Two types of collective proceedings can be brought: opt-in proceedings (on behalf of each class member who opts in by notifying the class representative) and opt-out proceedings (on behalf of each member of the defined class except: (a) anyone domiciled in the UK who opts out by notifying the class representative; and (b) anyone not domiciled in the UK unless they opt in). Opt-out collective proceedings are a feature of US class actions, but were not previously permitted in the UK. They could increase the amount for which a defendant is potentially liable and make it easier for those who have suffered loss to recover damages.
A judgment or order given in the collective proceedings is binding on all parties represented by the class representative. The CAT can make an aggregate award of damages without first assessing the amount of damages recoverable in respect of each individual class member. Unlike in the US, the CAT cannot award exemplary damages or ‘treble damages’. For opt-out collective proceedings, damages-based agreements (where the claimants’ lawyers are paid a proportion of the damages awarded to the claimants) are unenforceable. In contrast, similar arrangements are common in US class actions. The purpose of this rule was to avoid the ‘litigation culture’ in the UK, provide a safeguard against weak claims or speculative litigation, and avoid creating an incentive for claimant lawyers to focus on the largest cases.
(5) What happens if the claimants lose?
If the case is unsuccessful, the claimants will usually be liable for the defendants’ costs in accordance with the normal UK costs rules. This increases the financial risk to claimants and should deter potential claimants from bringing weak claims. If the claimants are unable to pay, the claimants’ lawyers may need to fund a payment to the defendants. In the US, each side bears its own costs, even if the defendants win, which has fuelled the commencement of class actions. Collective settlements are also possible in the UK.
The EU Damages Directive must be implemented in the UK by the end of 2016 and will assist claimants in collective proceedings in the CAT. It provides for a rebuttable presumption that cartel infringements cause harm. It also requires EU member states to ensure that a final infringement decision of a national competition authority or court of any EU member state is deemed to be at least prima facie evidence of a competition law infringement.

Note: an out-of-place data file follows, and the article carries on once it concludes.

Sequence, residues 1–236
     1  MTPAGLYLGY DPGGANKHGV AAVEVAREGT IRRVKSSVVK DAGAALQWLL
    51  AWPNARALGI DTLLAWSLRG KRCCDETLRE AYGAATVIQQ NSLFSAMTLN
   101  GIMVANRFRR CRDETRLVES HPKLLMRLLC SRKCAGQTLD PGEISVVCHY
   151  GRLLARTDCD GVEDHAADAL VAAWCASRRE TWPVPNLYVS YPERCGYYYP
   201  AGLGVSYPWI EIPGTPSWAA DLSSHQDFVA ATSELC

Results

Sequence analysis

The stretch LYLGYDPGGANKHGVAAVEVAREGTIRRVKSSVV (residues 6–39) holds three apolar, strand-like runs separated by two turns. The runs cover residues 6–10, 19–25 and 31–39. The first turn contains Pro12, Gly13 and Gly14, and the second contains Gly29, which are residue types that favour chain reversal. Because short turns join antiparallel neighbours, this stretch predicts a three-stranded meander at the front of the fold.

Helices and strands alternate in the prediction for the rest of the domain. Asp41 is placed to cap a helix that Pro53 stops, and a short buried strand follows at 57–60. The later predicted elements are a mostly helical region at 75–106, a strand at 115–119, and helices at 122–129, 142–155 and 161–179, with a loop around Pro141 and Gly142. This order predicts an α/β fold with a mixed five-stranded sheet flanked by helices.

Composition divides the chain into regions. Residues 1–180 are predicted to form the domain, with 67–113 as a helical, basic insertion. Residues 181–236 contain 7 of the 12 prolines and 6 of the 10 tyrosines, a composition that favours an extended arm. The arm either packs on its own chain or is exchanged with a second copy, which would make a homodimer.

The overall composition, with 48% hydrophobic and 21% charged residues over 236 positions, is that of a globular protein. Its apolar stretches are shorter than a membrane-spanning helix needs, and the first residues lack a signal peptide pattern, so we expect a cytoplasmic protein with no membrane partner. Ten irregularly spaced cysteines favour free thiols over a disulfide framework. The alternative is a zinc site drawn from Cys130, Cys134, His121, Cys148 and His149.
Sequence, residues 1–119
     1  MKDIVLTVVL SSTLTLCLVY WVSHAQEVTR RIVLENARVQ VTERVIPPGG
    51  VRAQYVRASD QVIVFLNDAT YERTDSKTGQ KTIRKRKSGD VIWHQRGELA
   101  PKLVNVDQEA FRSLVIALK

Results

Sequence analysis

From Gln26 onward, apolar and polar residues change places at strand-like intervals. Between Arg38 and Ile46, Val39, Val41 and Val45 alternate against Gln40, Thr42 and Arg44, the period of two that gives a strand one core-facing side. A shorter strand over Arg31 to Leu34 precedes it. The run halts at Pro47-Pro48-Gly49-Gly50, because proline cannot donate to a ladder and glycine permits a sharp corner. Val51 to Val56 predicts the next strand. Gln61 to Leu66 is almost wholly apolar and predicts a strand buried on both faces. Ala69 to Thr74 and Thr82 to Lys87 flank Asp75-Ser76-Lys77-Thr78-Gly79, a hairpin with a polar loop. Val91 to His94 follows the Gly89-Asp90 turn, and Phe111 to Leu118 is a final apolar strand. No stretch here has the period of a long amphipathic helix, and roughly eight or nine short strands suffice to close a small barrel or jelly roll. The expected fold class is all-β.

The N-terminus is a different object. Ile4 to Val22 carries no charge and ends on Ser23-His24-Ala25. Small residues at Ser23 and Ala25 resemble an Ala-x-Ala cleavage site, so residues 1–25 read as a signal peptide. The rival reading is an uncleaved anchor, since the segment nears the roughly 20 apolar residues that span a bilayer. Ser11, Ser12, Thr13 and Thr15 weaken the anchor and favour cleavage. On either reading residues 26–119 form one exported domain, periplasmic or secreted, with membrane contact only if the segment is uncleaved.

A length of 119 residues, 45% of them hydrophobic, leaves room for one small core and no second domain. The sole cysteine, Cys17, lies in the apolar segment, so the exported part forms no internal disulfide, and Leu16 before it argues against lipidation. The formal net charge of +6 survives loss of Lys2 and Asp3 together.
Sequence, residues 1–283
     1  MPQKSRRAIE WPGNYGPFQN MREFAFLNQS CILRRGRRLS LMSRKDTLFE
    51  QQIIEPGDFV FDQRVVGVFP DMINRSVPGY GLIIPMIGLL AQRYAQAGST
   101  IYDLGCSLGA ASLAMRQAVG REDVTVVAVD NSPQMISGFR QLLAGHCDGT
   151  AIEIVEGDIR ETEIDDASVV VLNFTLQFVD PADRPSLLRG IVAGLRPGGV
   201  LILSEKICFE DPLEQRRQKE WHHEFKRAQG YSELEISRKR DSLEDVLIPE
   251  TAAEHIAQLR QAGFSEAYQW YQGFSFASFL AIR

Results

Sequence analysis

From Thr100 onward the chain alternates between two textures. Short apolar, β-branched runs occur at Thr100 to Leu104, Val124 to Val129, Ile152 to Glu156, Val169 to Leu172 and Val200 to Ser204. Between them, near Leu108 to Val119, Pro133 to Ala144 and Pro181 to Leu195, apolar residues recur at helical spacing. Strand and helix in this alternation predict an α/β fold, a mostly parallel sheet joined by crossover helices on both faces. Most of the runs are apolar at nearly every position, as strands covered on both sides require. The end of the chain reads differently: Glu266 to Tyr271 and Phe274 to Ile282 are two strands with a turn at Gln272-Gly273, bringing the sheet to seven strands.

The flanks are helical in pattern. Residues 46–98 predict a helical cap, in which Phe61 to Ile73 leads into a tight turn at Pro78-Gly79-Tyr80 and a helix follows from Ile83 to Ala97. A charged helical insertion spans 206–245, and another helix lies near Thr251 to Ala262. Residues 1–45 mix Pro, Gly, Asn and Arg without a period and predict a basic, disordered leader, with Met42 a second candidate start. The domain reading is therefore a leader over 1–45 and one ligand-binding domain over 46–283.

(7) So what will all this mean in practice?
The new class action rules will change the litigation landscape for potential claimants and their lawyers, as well as for defendants. It will be easier for claimants to bring collective actions, share and minimise their legal fees, and benefit from a successful result or settlement. Those who have breached competition law can expected an increased likelihood of a class action being brought against them, with a potentially considerable and unknown liability arising from any opt-out collective proceedings. However, the new rules provide some important controls regarding the award of damages and costs which should prevent the rapid growth of class action litigation, as has occurred in the US. Much will depend on how broadly or narrowly the class is defined, the merits of each claim, and the risk appetite of defendants either to settle or defend the case to its conclusion.
Want more information?
For those who would like more information on this topic, Allen & Overy is hosting a client seminar on 14 October 2015 at our London office. To request a place at this seminar, click here or contact BFRevents@allenovery.com.